Despite the Niagara Movement's failure, its goals had appealed to white supporters of racial equality. They participated in the founding of the National Association for the Advancement of Colored People (NAACP), which drew an inter-racial coalition of support. Trotter and Du Bois were both present at meetings in 1909 in which its foundation was laid. Although some of Trotter's proposals were accepted (to address segregated transportation as a grievance), others were not (such as his proposal for a bill to make lynching a federal crime). Trotter was not invited to be on the organization's executive committee; neither was Booker T. Washington, who boycotted the effort.
Trotter never played a significant role in the NAACP, and in its early years actively competed with it. In 1911 Trotter's group and the NAACP both held rallies in Boston to mark the centennial of abolitionist Charles Sumner's birth. Trotter was peripherally involved with the NAACP for a few years, but he did not approve of the amount of white involvement in the interracial group. His feud with Du Bois ran deep, so he rarely contributed to the organization at the national level. He was also troubled by the attitudes expressed in the Boston chapter, which he told NAACP leader Joel Spingarn needed more "radical, courageous activity." He eventually drifted away from the NAACP.
National Equal Rights League
After Trotter split from the Niagara Movement, he helped organize a conference of like-minded activists held in Philadelphia in April 1908, and served as the conference chair. In this capacity, he excluded any attendees whose racial ideology he opposed, as well as those who supported Republican William Howard Taft in the upcoming presidential election. (Trotter opposed Taft because he had tired of what he considered the Republican Party laissez-faire policies on race.) This conference led to the formation of the Negro-American Political League, which eventually became known as the National Equal Rights League (NERL). Trotter described this group as "of the colored people and for the colored people and led by the colored people."
NERL, which biographer Fox describes as Trotter's "personal fief", was unable to attract high-profile membership as the NAACP did. Trotter did not want white members, and was unable to work effectively with other African-American leaders. NERL and the NAACP, while both working toward similar goals, regularly feuded over matters public and personal.
As the NAACP attracted more money and talent, and became the center of anti-Bookerite civil rights activity, Trotter and the NERL became increasingly marginalized on the left. Trotter would not have as prominent a role in the civil rights dialogue again. By 1921 the League had been reduced to a handful of Trotter supporters.
Trotter and Woodrow Wilson
Trotter's opposition to Booker T. Washington placed him at odds with Theodore Roosevelt and William Howard Taft, Republican presidents who relied on Washington as an adviser and otherwise enjoyed widespread African-American support. Trotter supported the southern Democrat Woodrow Wilson in the 1912 election. Wilson, in a brief meeting with Trotter and other NERL members, made vague statements about fair treatment of African Americans. But, he succumbed to pressure from Southerners in his cabinet and agreed to segregate federal offices. The NAACP and NERL (then known as the National Independent Political League, or NIPL) protested, and Trotter secured a meeting with Wilson at the White House in November 1913. Wilson said that his policies were not segregationist, but Trotter characterized Wilson's denial as "preposterous".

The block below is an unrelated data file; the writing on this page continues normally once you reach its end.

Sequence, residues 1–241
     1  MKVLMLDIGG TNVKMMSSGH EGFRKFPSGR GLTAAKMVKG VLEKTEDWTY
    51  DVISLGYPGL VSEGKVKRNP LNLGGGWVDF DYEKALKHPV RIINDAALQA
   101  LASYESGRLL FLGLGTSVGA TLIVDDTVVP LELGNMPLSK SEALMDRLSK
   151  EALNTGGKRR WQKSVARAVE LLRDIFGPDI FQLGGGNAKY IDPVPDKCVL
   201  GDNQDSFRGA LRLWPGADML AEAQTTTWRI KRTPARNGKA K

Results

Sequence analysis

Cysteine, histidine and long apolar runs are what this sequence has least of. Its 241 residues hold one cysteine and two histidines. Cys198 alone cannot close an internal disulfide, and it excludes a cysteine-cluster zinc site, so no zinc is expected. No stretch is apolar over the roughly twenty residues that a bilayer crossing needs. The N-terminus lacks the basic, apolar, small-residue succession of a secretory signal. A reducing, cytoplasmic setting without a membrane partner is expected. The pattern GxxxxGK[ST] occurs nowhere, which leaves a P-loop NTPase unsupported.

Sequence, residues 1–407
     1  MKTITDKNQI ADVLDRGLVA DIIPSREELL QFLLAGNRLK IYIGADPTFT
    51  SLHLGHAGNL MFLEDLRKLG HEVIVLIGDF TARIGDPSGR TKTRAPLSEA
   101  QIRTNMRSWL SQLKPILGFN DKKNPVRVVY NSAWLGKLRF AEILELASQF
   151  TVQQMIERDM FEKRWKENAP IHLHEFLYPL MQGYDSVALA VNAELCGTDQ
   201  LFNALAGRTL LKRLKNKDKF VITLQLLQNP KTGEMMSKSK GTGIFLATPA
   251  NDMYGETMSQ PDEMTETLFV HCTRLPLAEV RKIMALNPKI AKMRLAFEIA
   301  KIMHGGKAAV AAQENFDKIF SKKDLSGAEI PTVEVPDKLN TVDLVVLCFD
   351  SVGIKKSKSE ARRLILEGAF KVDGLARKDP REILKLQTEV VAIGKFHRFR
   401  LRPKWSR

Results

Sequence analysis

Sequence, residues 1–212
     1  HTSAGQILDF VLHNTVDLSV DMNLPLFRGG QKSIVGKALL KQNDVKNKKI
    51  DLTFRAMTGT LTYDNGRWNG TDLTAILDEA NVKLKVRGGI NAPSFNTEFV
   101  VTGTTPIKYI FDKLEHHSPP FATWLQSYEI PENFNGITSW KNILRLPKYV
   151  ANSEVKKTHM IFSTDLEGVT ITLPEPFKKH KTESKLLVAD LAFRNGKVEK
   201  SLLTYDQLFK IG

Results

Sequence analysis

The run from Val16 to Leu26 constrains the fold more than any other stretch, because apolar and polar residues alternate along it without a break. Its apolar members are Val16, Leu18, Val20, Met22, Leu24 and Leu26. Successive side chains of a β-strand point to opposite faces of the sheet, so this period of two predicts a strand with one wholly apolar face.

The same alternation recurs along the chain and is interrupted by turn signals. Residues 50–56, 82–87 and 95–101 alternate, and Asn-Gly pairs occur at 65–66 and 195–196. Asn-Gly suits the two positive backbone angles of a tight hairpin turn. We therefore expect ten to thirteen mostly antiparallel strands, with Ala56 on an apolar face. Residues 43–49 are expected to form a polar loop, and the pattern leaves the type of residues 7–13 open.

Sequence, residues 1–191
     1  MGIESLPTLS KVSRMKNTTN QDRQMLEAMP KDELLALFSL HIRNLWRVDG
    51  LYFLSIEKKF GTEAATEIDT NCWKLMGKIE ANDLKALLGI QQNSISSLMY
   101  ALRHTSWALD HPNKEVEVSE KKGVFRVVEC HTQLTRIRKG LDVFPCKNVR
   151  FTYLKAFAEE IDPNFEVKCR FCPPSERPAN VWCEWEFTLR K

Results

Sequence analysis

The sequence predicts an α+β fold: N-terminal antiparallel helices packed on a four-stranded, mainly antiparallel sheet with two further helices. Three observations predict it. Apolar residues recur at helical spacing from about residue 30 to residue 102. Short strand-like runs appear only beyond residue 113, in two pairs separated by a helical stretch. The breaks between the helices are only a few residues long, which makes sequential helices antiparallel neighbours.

Trotter continued his protests, eventually gaining a second invitation to the White House in November 1914. This meeting with Wilson ended with a heated exchange between the two men. Wilson claimed to be dealing with a "human problem" from which politics should be left out, and suggested to Trotter's group that they could always vote for someone else in the next election. Trotter continued to argue that the segregationist policy was humiliating to African Americans. Wilson responded, "If you take it as a humiliation, which it is not intended as, and sow the seed of that impression all over the country, why the consequences will be very serious." After Trotter said this was an insult, Wilson angrily ordered him to leave, saying "If this organization wishes to approach me again, it must choose another spokesman ... your tone, sir, offends me."
Trotter's second meeting with the President was widely covered in the press, featured on the front page of the New York Times and other leading newspapers. A white Texas newspaper described Trotter as "merely a nigger" and "not a Booker T. Washington type of colored man", and northern papers also criticized him for his "insolence" to the president. The Boston Evening Transcript, while observing that Wilson's policy was segregationist and divisive, pointed out that although Trotter was basically correct, he "offends many of his own color by his ... untactful belligerency". African Americans were divided in their response to the incident: some claimed that he did not represent them, while others, notably Du Bois, grudgingly admired Trotter's audacity. Du Bois wrote that Wilson was "insulting & condescending" in the meeting. Trotter parlayed the publicity into a series of speaking engagements, in which he denied "that in language, manner, tone, in any respect or to the slightest degree I was impudent, insolent, or insulting to the President."
Trotter continued to protest segregationist policies of the Wilson administration. When the country began large-scale recruiting for the military in World War I, Trotter opposed the establishment of segregated officer training facilities. Through his influence, recruitment of blacks in the Boston area was lower than expected. During World War II, the military integrated the officer corps, and President Harry Truman afterward completed integration of the armed services.